Photo Art by Chuck Carlton
With the 1 year anniversary of Greensburg, Kansas being leveled by a EF5 tornado and the recent string of deaths and destruction due to tornadoes, I though I would ask the question "How do you best design for a tornado"? Better yet, how do you rebuild a community in the best sustainable way to survive a tornado and not have to rebuild, thus saving materials and energy.
In the Midwest plains, one of the main reasons that tornadoes form and continue a path of destruction, is the lack of natural features dispersing the wind forces. One idea that was raised in a recent Discovery channel program "Blown Away : Greensburg, Kansas" was to plant a forest ring of trees around the town. This was shown in models to mitigate the overall power of the tornado and as long as the correct trees and spacing are used this seems to be a good plan, however, how long until the groves of trees are tornado-protecting size?
To rebuild the homes that are more tornado resistant, what design techniques and materials should be employed? Let's start from the bottom; the foundation is an important aspect of many homes and unfortunately the trailer homes and others that rest on blocks or a concrete slab are the most at risk of destruction. In the Midwest, many new homes don't have basements anymore and storm cellars are becoming rare. So why not build a strong foundation that will act as an secure anchoring system for the house and give it's inhabitant's safe shelter? The reasons I found were flooding due to high water table, stresses and stains due to freezing in the winter, and a solid bedrock under site surface. Fair enough, if these factors are the case, then one must think about building a strong lower level that attaches firmly to the ground slab.
The latest material I am beginning to see in pre-fab construction and in the rebuilding efforts of the city of Greensburg is ECO-Block. ECO-Block is simpler and easier to install than wood-frame methods — and, even other ICF systems. It's faster, taking less time with fewer people. And it’s more sustainable, because ECO-Block buildings are vastly more energy-efficient. Stronger. Quieter. Resistant to fire, moisture, mold and the elements. Debris driven by high winds presents the greatest hazard to homeowners and their property during tornadoes and hurricanes. Recent laboratory testing at Texas Tech University (see video below) compared the impact resistance of residential concrete wall construction to conventionally framed walls. Only concrete wall systems, such as ICFs and concrete masonry, successfully demonstrated the strength and mass to resist the impact of wind-driven debris. The wood-frame walls failed to stop the penetration of airborne hazards. These insulated concrete forms can be filled with recycled fly-ash concrete to make the wall even "greener". Another advantage to ICFs is that they can be cut into radius rounded walls for greater aerodynamics if wanted.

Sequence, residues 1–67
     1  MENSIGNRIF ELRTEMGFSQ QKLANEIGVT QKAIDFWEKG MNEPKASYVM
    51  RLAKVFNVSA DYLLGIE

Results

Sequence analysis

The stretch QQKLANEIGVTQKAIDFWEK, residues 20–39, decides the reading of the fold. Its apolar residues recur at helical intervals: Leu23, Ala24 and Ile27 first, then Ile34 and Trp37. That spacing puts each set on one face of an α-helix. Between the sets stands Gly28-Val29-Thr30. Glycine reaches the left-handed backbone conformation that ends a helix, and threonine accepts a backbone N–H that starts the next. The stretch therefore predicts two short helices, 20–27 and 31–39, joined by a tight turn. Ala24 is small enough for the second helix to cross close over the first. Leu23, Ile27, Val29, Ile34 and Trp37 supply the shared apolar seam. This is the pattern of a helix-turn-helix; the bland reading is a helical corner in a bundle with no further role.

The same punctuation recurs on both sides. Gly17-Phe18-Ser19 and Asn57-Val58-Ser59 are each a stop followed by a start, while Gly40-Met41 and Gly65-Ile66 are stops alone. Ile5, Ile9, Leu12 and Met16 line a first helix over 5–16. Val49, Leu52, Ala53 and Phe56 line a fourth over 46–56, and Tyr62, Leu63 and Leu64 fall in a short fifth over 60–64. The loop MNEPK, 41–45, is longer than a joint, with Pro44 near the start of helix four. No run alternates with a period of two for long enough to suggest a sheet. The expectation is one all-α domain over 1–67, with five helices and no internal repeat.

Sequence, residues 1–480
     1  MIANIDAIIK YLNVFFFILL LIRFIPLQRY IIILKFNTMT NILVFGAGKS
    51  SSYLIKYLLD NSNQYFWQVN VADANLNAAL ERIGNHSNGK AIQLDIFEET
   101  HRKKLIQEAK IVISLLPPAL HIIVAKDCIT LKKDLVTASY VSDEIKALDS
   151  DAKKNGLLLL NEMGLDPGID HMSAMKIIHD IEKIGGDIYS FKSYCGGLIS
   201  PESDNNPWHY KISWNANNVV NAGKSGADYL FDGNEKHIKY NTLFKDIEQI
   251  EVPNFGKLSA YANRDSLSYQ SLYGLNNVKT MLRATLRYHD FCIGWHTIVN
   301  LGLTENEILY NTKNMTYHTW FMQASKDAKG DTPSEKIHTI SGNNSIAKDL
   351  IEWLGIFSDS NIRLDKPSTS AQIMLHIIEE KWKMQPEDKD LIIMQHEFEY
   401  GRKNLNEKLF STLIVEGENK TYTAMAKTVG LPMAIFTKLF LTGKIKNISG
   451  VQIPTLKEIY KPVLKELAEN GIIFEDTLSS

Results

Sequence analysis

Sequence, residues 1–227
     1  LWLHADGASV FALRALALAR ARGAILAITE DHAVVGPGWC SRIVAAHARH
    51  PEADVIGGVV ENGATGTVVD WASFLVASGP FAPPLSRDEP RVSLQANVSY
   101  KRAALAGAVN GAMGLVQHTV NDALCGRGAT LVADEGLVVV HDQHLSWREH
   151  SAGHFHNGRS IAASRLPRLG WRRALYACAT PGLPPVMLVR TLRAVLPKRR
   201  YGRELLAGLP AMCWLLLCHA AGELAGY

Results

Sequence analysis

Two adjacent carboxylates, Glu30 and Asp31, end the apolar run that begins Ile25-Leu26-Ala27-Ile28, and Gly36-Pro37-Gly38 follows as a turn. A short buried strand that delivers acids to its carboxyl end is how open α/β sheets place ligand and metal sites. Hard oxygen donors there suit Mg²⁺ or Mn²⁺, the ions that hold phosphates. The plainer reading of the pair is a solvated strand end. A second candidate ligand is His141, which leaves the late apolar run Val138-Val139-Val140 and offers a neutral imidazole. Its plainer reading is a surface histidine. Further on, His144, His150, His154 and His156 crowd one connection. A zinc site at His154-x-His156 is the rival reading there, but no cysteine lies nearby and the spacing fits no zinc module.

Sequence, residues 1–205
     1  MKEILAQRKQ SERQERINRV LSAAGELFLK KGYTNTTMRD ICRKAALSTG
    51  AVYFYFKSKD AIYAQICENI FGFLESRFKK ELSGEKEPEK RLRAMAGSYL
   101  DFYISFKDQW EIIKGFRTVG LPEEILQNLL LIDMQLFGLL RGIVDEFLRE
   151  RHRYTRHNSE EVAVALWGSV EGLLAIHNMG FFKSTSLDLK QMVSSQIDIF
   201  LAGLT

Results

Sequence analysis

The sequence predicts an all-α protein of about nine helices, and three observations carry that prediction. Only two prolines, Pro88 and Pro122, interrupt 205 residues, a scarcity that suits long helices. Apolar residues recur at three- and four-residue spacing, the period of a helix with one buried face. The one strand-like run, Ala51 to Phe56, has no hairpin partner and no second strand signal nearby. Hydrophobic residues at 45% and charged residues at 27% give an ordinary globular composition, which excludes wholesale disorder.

After the walls are up, impact-resistant window systems, when properly installed, have a much better chance of surviving a major windstorm. Alternatively, impact-resistant shutters that close over window openings prevent flying debris from breaking windowpanes. Strengthen door frames, hinges, latches, and dead-bolt locks should be strong enough to resist high wind pressures. Double doors such as French doors need special attention because of the stress on the center latch. Door frames must be securely anchored to house frames. Another idea is to reduce the design of adornments on the exterior that could become damaging projectiles.
Hip roofs without gables and with minimal eaves have proven to be the best roof design to combat high winds in hurricane and tornadic areas especially if the slope of the roof from horizontal is 35 degrees or greater (to reduce/eliminate the airfoil effect of extreme high winds that blow over the roof). Also, steep angled roofs seem to handle winds better than a standard gabled roof. Most importantly, the roof must be securely tied into the wall structure with metal roof tie fastener systems and the soffit and eave area should have reinforced connections. A home has to be well-connected in order to distribute the forces caused by wind pressure, which reduces the chance it will come apart or collapse.
Last year a post was started on the Alternative Building Architecture Usenet Group as a result of the Greensburg disaster. They suggest an aerodynamic cylindrical structure, maybe the Monolithic Dome?
If you can't build your entire house to be tornado resistant you can always just build a tornado safe room or shelter.
Some other good links:
The Institute for Business & Home Safety - Disaster Safety - Tornado
I'd love some feedback on this topic if you have further information to add, please comment below.
Wednesday, May 14, 2008
Photo Art by Chuck Carlton